Next, Titus Otcs said of Dennis Glisson, "That he heard, by Dr. Tong, that the said Glisson, being a School-master, did instill ill Principles into Children; and that he said there is no Learning in Cambridge, and nothing but Debauchery in Oxford." Glisson denied any such Words; and he is a Protestant, and hath a License from the Lord Bishop of London's Chancellor to be School-master; which he produced.
After this, Tytus Otcs charged Mr. Moore (at the Bar) to be a Seller of Popish Books; and that he had told him (the said Otes) in August last, "That he had Five Hundred Pounds Worth of Popish Books in Somerset House; to which Mr. Moore said, he had been imprisoned in The Gatehouse already, for that Fault of selling Popish Books." Otcs said, "Moore sold to him One of Goodwin's Books against Dr. Stilling fleete, and told him, he had Four Hundred of them."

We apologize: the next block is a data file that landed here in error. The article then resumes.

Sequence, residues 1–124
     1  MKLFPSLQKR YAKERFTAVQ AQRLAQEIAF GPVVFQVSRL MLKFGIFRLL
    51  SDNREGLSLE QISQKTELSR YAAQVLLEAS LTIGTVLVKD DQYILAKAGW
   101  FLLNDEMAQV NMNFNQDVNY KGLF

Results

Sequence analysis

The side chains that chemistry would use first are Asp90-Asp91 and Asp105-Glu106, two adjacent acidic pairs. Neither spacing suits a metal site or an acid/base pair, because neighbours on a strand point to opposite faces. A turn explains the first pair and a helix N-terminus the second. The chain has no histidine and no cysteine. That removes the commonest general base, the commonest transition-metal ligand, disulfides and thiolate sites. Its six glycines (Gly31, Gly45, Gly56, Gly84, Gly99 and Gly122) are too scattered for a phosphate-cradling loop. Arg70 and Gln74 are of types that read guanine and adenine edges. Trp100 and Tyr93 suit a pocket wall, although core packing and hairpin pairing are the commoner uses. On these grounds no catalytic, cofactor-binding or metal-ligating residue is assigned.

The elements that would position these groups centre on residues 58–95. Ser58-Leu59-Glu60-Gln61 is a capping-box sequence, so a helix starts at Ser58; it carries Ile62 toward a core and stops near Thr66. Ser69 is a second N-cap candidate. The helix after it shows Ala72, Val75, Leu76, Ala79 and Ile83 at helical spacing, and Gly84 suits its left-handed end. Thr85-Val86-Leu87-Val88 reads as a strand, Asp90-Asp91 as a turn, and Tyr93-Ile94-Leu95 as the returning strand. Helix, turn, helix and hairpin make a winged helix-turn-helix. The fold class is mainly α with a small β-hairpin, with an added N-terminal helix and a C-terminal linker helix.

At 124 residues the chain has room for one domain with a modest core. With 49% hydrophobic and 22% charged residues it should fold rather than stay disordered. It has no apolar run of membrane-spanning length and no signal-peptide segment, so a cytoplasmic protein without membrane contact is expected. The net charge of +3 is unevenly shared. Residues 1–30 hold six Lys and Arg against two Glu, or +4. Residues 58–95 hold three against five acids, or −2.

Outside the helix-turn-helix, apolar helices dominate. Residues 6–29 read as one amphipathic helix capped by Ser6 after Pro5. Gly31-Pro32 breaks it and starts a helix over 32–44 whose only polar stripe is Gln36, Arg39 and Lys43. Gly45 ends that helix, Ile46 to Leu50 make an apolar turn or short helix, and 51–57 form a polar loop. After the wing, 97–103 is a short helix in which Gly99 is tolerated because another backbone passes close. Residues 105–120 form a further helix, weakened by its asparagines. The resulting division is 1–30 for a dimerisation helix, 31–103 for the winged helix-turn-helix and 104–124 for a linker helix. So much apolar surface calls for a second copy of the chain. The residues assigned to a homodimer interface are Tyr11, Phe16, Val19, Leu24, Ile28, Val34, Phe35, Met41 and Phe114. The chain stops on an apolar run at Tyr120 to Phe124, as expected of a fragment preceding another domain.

Preston committed to Newgate.
"ORDERED, by the Lords Spiritual and Temporal in Parliament assembled, That Marke Preston, who was this Day brought to the Bar by the Serjeant at Arms attending this House, and charged with Treason, be forthwith carried to Newgate, there to remain in safe Custody, till he shall be discharged by due Course of Law; and this shall be a sufficient Warrant on that Behalf.
Smith to remain in Custody.
"ORDERED, by the Lords Spiritual and Temporal in Parliament assembled, That Mr. Smith, who was this Day brought to the Bar, to answer such Matters as should be objected to him, on His Majesty's Behalf, shall be and remain in the Custody of the Gentleman Usher of the Black Rod attending this House till further Order be given concerning him."
Glisson & al. released.